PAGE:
A monthly exploration into the world of sustainability in the built environment with commentary and input from UCEM’s Vice Chancellor and academics.
UCEM to explore challenges of gender equality with research grants
Posted on: 24 January, 2023
In the built environment sector, one of the world’s most significant challenges still prevails – gender equality. UCEM is proud to have won three externally funded research grants from the British Council, which will explore this topic and could influence and champion change for gender equality.
This important piece of work aligns to UCEM’s ambition to improve the support for women’s education and careers in STEM (science, technology, engineering and maths) within the built environment. We are fully committed to, and recognise the benefits of, a diverse student cohort and workforce and want to help address the long-standing deficit of women practitioners in the industry.
These exciting projects, which have secured an award of £73,150, will be led by Dr Muhammad Rana and supported by other UCEM academics including Professor Angela Lee and Dr Wendy Finlay.
£24,600 for ‘Gender, education, and career; improving transitions for women from higher education to employment in Egypt.’
According to the Global Gender Gap Report (2015) and the World Bank (2016), thirteen out of the fifteen countries with the lowest rates of female workforce globally are in the Middle East and North Africa (MENA). It is estimated that this accounts for 27% of income loss due to the gap in female workforce participation. A study in Egypt remarks that while the country seems to have successfully prepared female engineers, the difficulty confronting these engineers starts after graduation when they are looking to enter the workforce (Adams & Miller, 2016). Therefore, investigating the factors that lead to this drop is crucial for understanding and tackling the problem to minimize the gender equality gap in Egypt.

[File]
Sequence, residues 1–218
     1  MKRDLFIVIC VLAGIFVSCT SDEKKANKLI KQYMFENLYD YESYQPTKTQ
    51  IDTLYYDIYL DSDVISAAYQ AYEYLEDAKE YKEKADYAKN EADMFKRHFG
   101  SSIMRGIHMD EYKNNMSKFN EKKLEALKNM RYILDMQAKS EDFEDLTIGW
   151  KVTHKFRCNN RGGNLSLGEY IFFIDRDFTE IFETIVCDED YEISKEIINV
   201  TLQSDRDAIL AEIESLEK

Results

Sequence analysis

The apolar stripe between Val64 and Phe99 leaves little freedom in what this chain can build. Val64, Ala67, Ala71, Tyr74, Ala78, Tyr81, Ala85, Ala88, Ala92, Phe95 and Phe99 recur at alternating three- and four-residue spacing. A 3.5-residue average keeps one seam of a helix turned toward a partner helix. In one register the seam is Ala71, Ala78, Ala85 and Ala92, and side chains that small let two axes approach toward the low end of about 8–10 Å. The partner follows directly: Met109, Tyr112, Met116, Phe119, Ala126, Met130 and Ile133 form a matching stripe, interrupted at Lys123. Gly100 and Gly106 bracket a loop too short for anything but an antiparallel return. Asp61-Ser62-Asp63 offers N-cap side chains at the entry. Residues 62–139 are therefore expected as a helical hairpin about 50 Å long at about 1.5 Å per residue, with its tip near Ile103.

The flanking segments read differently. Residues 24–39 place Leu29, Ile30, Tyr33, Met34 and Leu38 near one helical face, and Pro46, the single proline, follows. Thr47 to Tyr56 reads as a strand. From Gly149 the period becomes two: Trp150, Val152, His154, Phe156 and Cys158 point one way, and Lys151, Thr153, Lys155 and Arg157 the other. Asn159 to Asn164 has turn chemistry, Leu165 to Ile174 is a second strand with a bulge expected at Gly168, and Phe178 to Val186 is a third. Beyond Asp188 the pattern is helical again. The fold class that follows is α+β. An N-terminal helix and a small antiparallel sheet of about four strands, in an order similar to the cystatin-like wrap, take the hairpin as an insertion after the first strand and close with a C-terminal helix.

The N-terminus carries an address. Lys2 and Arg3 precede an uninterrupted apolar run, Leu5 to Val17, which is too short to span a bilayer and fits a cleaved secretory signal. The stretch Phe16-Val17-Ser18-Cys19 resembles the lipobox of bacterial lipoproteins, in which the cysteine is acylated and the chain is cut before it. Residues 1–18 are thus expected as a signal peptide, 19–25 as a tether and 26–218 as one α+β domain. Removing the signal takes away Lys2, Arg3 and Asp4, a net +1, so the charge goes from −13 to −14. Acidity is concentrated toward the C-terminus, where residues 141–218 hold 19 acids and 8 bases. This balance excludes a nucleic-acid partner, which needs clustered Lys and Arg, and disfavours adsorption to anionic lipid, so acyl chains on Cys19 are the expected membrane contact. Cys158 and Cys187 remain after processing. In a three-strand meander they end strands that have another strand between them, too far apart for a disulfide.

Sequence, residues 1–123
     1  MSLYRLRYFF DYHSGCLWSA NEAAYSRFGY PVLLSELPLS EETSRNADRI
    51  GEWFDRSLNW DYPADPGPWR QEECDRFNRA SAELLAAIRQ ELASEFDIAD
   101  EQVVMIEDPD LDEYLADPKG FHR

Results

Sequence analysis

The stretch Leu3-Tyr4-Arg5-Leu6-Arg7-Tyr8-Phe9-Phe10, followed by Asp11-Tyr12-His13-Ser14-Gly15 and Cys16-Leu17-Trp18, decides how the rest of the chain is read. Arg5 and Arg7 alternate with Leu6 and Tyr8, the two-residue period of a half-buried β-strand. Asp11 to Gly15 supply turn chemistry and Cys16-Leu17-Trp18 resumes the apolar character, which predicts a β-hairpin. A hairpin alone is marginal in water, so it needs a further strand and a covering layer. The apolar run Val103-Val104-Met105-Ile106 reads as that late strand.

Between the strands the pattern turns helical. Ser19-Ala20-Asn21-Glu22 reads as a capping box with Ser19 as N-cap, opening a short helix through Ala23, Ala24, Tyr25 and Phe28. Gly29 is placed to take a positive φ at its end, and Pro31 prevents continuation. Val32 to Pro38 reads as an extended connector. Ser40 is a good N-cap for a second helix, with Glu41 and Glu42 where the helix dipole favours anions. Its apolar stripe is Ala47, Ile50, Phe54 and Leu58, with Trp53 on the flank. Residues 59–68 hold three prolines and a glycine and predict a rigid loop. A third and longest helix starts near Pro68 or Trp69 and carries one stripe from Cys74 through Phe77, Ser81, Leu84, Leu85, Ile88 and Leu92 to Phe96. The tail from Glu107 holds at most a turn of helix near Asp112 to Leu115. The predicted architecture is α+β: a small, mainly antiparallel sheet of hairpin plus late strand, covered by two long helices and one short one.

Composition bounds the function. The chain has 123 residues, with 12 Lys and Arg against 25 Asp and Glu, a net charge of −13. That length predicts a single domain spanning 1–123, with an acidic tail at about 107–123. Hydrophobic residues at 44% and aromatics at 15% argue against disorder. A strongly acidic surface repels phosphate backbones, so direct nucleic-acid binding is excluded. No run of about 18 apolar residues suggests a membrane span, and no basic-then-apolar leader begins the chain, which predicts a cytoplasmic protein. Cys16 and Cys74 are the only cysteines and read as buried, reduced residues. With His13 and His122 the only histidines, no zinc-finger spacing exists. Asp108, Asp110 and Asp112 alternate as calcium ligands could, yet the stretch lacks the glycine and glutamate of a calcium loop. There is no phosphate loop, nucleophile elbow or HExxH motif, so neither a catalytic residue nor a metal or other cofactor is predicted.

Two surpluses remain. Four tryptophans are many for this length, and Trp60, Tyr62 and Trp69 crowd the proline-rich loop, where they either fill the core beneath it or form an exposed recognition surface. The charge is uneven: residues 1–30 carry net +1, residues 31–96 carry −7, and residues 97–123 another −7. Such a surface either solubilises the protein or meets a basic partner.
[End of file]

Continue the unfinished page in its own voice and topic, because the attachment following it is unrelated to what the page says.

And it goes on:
£24,600 for ‘Furthering gender equality in Jordanian higher education and leadership via societal and structural changes.’ In partnership with Philadelphia University, Jordan.
The inequality and inclusion of women in leadership of academics is a common problem worldwide. In the UK, the gender imbalance is severe at the executive management level (Davies, 2015), similarly women are underrepresented in university leadership roles (Morley, 2013). Across the sector, 27.5% of academic managers and 20.5% of professors are female, and only 17% hold the top vice-chancellor and principal roles. If the UK stats are bleak, the stats for Jordan are a wider cause for concern, something this research will aim to address.
£23,950 for ‘Levelling up STEM! Towards gender equality in the pathways to Jordanian Higher Education and employability.’ In partnership with the Hashemite University, Jordan.
With a literacy rate of over 98% (World Bank, 2018), Jordan can proudly boast that it is one of the most highly educated countries in the region. UNESCO reported in April 2022 that the proportion of female students in the natural sciences, medicine, dentistry, and pharmacy was more than 60%; however the figure in other areas of STEM is disparate, with engineering being a low 28%. Whilst females are not restricted in curricular choice, somewhat tangible and intangible societal and cultural constraints impede work opportunities in certain disciplines. This piece aims to look at how gender equality in STEM areas can be improved.
Research lead, Dr Rana, said, ‘Research is vital and is an answer to many growing issues around us today but it is extremely difficult or sometimes impossible to pursue it without dedicated funds. Therefore, the three prestigious and very competitive grants that we have won from the British Council worth £73k on the extremely important topic of Gender Equality, specifically in Jordanian and Egyptian education and industry sectors will ensure the projects are delivered successfully, creating wider impact. These projects will set up consortiums of critical stakeholders who will investigate, collect and analyse data from partner countries, publish outcomes, build the capacity of relevant people, and ensure that this project delivers substantial and lasting change in gender equality.